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Enhancing your article with supplemental material

Image: Adding multimedia and supplemental content to your article

Supplemental material can mean anything from tables to datasets, filesets to presentations, video to audio files.
Including supplemental material with your article makes it more discoverable, and Taylor & Francis has implemented a number of initiatives to ensure it is effectively included, or linked to, within the article abstract.

Why include supplemental material with your journal article?

  1. It makes your article more discoverable, giving people another route to find your research.
  2. Other researchers can cite your supplemental material, increasing the impact of your work.
  3. Funders are able to identify clear links to data, ensuring you meet your funding requirements.
  4. Your supplemental data is effectively preserved.
  5. Research shows that articles with supplemental material are downloaded and cited more often.

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Working with DataCite to make data more discoverable

Image: DataCite logo

DataCite helps researchers to find, access, and reuse data. Authors are increasingly opting to submit their supporting data to a repository, and in many cases are required to do so as a condition of their funding.

To support this, Taylor & Francis Online now has links on the article abstract to the associated data, meaning users can jump to the data in its repository and back to the article.

See how it works.

How do I link my article to its data?

If you are currently considering publishing an article with us, or your article is already in the process of being published with us, and you have data you would like to link to, please follow these steps:

  1. Work with your funding body or organization to have your data deposited in one of DataCite’s member data centres.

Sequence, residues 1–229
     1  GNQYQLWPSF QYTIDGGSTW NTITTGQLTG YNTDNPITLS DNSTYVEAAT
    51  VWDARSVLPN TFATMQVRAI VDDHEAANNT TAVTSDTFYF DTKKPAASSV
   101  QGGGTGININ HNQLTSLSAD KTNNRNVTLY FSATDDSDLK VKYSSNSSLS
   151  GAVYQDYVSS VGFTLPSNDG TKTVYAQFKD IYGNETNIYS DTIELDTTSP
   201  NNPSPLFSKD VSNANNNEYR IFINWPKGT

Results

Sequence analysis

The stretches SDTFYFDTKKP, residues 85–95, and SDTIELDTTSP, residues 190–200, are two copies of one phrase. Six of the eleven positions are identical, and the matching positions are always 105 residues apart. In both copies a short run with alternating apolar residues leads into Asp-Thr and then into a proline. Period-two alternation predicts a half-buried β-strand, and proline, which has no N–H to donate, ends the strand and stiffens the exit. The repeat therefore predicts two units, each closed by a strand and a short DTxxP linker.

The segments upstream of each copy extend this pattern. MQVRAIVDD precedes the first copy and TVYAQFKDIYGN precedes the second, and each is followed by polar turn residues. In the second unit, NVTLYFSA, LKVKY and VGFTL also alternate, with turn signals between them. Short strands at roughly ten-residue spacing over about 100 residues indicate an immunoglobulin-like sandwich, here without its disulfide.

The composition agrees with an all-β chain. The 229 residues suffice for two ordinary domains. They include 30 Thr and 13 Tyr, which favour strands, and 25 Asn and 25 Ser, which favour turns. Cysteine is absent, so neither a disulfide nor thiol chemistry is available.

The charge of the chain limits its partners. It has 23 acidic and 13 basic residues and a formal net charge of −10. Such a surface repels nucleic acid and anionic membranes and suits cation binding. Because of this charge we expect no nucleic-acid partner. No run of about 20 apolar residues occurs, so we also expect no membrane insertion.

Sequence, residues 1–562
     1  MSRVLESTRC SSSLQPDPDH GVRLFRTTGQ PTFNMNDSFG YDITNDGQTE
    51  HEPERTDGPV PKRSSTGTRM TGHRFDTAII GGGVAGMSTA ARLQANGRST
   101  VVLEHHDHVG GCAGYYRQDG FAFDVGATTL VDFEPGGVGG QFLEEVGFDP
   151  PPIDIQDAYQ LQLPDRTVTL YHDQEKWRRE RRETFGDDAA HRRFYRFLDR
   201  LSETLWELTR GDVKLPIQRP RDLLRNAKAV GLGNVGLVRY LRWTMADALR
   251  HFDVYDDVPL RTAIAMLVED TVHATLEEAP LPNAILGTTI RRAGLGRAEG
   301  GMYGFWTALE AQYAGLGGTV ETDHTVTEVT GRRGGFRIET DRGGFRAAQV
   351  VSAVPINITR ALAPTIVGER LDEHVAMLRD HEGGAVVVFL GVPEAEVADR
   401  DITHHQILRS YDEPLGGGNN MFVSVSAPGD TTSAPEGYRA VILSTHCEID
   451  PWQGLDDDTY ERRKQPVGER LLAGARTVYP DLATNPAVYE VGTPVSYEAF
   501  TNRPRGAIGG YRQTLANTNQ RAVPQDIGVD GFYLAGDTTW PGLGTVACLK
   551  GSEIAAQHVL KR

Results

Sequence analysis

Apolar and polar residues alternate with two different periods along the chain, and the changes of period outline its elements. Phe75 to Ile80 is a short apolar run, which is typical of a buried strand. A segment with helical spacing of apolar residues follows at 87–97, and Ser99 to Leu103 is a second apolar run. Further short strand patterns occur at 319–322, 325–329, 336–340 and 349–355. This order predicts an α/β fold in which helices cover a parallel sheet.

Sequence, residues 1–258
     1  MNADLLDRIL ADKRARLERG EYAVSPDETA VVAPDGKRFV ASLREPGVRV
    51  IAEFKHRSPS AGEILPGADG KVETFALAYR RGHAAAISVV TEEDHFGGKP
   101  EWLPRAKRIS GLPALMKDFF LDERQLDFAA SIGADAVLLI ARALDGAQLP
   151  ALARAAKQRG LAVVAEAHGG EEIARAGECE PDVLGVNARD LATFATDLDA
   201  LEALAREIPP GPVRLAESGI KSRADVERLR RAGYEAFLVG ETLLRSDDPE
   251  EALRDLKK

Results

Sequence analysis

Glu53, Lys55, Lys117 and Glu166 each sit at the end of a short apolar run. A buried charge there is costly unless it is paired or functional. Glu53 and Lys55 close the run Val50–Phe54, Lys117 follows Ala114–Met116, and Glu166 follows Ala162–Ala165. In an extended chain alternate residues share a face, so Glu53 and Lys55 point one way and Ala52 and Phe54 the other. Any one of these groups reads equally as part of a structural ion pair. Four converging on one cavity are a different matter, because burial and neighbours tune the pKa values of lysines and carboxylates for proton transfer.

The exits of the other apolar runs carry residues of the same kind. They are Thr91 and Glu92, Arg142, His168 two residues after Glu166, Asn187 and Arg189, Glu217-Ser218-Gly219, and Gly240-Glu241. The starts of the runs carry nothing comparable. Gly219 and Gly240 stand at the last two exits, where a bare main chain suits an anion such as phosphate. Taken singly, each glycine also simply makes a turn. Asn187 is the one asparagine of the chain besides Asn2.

2. Ensure you let Datacite know the DOI (Digital Object Identifier) of your article as soon as you have this information (you will be sent a DOI as soon as your article completes peer review and moves into production). Doing this means that Datacite is able to link your article with the repository record for its data.
  3. On publication, we will link your article’s DOI with your data, working with DataCite to create linking from the repository page to the article on Taylor & Francis Online and back again.

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Working with Figshare to host and highlight supplemental material

Taylor & Francis Online hosts supplemental material on Figshare, making it easily discoverable from search engines and preserving it for the future.

Find out more.

Supplemental Material

On Taylor & Francis Online, supplemental material is instantly viewable using the Figshare widget, once readers select the supplemental tab on the article abstract.

Users can jump from the article to the supplemental content on Figshare and back to the article again, and, if people discover the supplemental material on Figshare via a search engine, there are links to the article, increasing usage and impact.

Authors can also share this material more easily and track usage through Figshare’s metric functions.

Infographic: Working with Figshare to
make your research more discoverable

What do I need to do to make sure my supplemental material uses the Figshare widget?

Including your supplemental files at the same time as you submit your manuscript will ensure it is automatically uploaded to Figshare. There is nothing else you need to do.

Using Figshare also means that there are no size limits on the supplemental content we are able to include with the article.

Every file uploaded to Figshare will be easily citable (with a DOI allocated at the point of publication) and will be stored under a Creative Commons License.

File types currently compatible with Figshare

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Some things to think about before you submit your supplemental material

  1. Supplemental material online should be pertinent to, or should support, your article.
  2. It must be submitted alongside your article but will not be modified by Taylor & Francis. Authors will not receive proofs.
  3. Extensive supplemental material (analyses rather than data) should ideally be subject to peer review.
  4. When appropriate, it should carry a disclaimer – please discuss with Taylor & Francis if you think this is relevant.
  5. Any podcasts or vodcasts will need to have a Taylor & Francis license, which must be signed by the author(s).
  6. Warranties regarding the originality, validity, and legality of the supplemental material online are covered by the article publishing agreement.

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